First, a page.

The E-mail Commentary from Eco-Justice Ministries
Europe is just now emerging from an intense, week-long heat wave. The recent scorcher has been the most dramatic episode in a longer running drought and warm spell.
I've seen some tidbits in the news over the last week about records being set for all-time high temperatures in England, rapidly melting glaciers in Switzerland, and some early estimates about heat-related deaths.
But the largest story on that topic that I had noticed in the newspaper was one on "Modesty Melts in Steamy Paris." Few residences in the French capital have air conditioning, and it seems that a widely adopted response to the heat is to take off clothes, and to leave the curtains open. Ooh-la-la!
I do believe that the story about naked Parisians used up more column inches than the one about France's nuclear power plants threatening to overheat. In the face of a looming nuclear disaster, emergency permission has been given for the power plant managers to release hotter water from their cooling systems back into already warm rivers. Widespread fish kills are expected.
This morning's news upped the ante. We're way beyond fun human interest stories, and rather technical policy discussions. The French health ministry is now reporting that an estimated 3,000 people have died of heat-related causes in the last two weeks.
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So, is this European heat wave proof of global warming?
Let me guess what the meteorological experts are likely to say. Something along the lines of, "What we've seen in Europe is consistent with what we would expect under our best climate change models. But, no, this heat wave is not proof of global warming."
The problem is in what the experts call "variability." Local temperatures normally occur in quite a range. As you watch the weather report on TV, they'll almost always tell you about today's high and low temperatures, and they will point out how those compare with both average and record temperatures for the date.
If you keep track of weather data for 2 years, every day will set a "record" because there are no other pieces of information for comparison. After 50 or 100 years, most temperatures will fall somewhere between the records, although they will always fluctuate from a central average. But every now and then, the natural swing will still set a new record. So, setting a new high doesn't prove anything. It could be part of the natural variations.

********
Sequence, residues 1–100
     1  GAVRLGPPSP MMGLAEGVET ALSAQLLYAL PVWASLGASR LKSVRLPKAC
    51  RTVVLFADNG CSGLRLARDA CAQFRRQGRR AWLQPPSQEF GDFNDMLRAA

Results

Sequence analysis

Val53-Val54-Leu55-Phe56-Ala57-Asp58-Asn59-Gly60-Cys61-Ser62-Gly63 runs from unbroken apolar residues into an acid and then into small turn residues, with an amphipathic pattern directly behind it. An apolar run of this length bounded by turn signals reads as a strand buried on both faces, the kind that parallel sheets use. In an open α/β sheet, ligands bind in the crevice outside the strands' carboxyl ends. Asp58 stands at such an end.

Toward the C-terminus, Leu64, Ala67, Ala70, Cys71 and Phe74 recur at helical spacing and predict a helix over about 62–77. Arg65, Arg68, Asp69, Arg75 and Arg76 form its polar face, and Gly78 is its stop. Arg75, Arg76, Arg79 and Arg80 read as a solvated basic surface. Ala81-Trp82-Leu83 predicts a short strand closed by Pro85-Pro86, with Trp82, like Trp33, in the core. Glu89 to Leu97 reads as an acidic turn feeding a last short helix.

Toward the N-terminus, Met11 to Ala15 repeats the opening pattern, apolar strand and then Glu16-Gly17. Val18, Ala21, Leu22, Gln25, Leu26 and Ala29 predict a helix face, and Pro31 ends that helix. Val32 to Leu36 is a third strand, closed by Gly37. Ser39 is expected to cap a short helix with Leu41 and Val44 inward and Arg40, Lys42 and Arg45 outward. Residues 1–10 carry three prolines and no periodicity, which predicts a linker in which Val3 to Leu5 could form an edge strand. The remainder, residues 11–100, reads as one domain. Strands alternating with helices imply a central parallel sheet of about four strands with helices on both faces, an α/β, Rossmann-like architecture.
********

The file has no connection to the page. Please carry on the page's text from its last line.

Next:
One weather event -- even an extended one across a wide area like this year's European heat wave -- isn't an adequate basis for proving climate change. It might be an indicator, a factor, in a larger trend, but one event can't provide proof.
A stronger basis is found when the average daily temperatures from hundreds of sites around the world are combined in a computation of the average annual global temperature. Such a large batch of information is a better reflection of larger climate trends. The quirks of exceptional weather events even out. The weeks of extraordinarily hot weather in Europe may add a fraction of degree to the global average this year. But a span of cool weather somewhere else on the planet may cancel it out.
Even those annual averages have variability. For our whole planet, some years are a smidgen warmer or cooler than others. Just like the hot week in Europe is not proof, neither is a record high in the world-wide average proof of global warming. It might be an indicator, a factor, in a larger trend, but one exceptional year can't provide proof.
What the climate experts look at are trends in those annual average temperatures. In the 20th century, a multi-year average of the earth's temperature rose 0.7 degrees Celsius (about 1.25 degrees Fahrenheit). Most of that warming happened in the last decade of the century -- a period that set many record highs in the global average.
Statistically, the recent weather in Paris could be a fluke -- a rarity that only crops up a few times in a millenium. Statistically, the series of extra-warm years for the Earth that came along in the 1990s could be a fluke, too.
But when "flukes" start to happen most of the time, and when the pattern of those record-setting and average-distorting events is a pretty close match to the theory of what will happen when atmospheric concentrations of carbon dioxide go up and up, it becomes more and more likely that something has happened to the natural variability.
A strong pattern of rising average temperatures for the Earth adds to the probability that human factors are, indeed, changing the Earth's climate. Almost all of the experts now look at the evidence and see a high probability that human activities are warming the Earth's climate. Even those broad global figures don't provide proof. But it seems more and more likely.
And if that is the case, then what has happened in Paris looks like the sort of future we should all come to expect. The trend will be for higher-than-average and record-setting heat, year after year after year.
A few commentators have said that global warming would be a good thing. Others (including the Bush administration) have said that we shouldn't try to diminish global warming; we should adapt to the changes. The 3,000 people who have died from heat in France make those arguments hard to stomach.
This fall, the US Senate will vote on the Climate Stewardship Act, introduced by Senators McCain and Lieberman. Even though this summer's heat wave is not scientific proof, I hope that human and environmental tragedy in Europe can motivate us to lobby for sensible policies that will help to slow global warming.
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